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New Churchill Document Volume Covers 1942

Newest Companion Volume in the Official Biography Edited by Sir Martin Gilbert Published by Hillsdale College Press

Volume 17Now AvailableThe long-awaited volume of documents from the year 1942 has finally arrived. This is the first companion volume to the seventh narrative volume in the Official Biography written by Sir Martin Gilbert and the seventeenth volume of documents in the series overall. Completion of Volume 17 was primarily supported by a generous grant to Sir Martin from Churchill Centre Board Chairman Laurence Geller. Mr. Geller noted that “publication of the latest Document Volume is another milestone in the completion of one of the greatest biographies ever written in the English language. Along with The Churchill Centre, I am pleased to have been able to support the latest volume and am delighted that Hillsdale College President Dr. Larry Arnn and Hillsdale College Press will be continuing work on the remainder of the series.” The publisher is offering a special 15% discount on the book for members of The Churchill Centre. For ordering information, contact the Hillsdale College Bookstore by CLICKING HERE.

1942 was the first full year that the United States was in the Second World War as a combatant power. Contact between the British and American governments thus became much closer and more substantive. In fact Churchill began the year travelling from Ottawa, where he had addressed the Canadian Parliament and posed for his most famous portrait photograph, to Washington to resume direct talks with President Roosevelt. Sir Martin calculates that as the clock struck midnight on New Year’s Day, Churchill’s train, travelling south along the Hudson River, was in the vicinity of Roosevelt’s home at Hyde Park. He arrived in Washington at 1PM.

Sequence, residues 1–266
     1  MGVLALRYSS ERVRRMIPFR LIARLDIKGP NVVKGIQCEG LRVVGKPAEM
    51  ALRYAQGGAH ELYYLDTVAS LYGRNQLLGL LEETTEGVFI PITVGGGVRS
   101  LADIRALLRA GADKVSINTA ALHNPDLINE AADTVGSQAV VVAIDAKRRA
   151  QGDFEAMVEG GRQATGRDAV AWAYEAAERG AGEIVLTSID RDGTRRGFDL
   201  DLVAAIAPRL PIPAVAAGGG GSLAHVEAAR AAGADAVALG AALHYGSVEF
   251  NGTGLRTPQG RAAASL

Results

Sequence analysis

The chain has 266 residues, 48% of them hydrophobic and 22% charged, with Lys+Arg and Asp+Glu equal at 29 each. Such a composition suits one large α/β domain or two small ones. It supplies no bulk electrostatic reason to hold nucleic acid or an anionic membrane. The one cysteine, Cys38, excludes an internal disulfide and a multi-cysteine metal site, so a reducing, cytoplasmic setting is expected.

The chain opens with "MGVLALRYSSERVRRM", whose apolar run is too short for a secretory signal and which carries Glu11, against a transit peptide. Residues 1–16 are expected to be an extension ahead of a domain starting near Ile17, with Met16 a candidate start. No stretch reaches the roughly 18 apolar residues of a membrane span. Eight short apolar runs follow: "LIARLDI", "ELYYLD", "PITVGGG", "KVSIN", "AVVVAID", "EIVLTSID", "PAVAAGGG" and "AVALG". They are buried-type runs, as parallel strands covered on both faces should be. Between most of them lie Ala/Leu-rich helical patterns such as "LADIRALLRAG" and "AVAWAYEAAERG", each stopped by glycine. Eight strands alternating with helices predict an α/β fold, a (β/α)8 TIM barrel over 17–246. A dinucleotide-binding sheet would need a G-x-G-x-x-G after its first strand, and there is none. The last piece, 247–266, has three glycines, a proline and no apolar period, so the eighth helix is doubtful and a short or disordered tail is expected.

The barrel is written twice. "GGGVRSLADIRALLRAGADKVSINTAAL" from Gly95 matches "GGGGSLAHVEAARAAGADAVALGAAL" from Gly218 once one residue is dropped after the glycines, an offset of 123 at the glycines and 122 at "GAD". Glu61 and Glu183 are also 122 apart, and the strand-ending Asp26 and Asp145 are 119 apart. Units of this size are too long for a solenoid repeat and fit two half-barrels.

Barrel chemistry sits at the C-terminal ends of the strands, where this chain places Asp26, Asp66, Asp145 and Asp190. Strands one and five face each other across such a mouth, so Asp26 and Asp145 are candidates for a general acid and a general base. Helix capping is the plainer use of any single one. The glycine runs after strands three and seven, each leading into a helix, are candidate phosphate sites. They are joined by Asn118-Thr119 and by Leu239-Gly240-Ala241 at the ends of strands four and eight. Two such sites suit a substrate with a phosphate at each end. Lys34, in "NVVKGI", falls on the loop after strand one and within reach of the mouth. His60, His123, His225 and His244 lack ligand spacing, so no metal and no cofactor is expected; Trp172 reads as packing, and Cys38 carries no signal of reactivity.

The early months of 1942 saw the Japanese on the march and the devastating fall of Singapore. Churchill later described this time as the most anxious period of the war for him personally. The Grand Alliance he long sought of Britain, the United States and the Soviet Union was finally in place. Churchill knew the Allies would therefore prevail but as yet “had nothing but disaster to show.” Twice that year he faced votes of confidence. He feared that he might be replaced as prime minister just before the fruits of victory would begin to appear enabling others to take the credit that rightly belonged to him.

In June, Churchill returned to Washington for more discussions with President Roosevelt, and in August Churchill flew at great risk and in great discomfort all the way to Moscow to meet with Stalin, “the ogre in his den.” Finally, in the autumn came the successful “Torch” landings in North Africa and the smashing victory of Gen. Montgomery’s Eighth Army over Rommel at El Alamein. Not for nothing did Churchill describe this year in his war memoirs as The Hinge of Fate.
mgilbertSir Martin Gilbert

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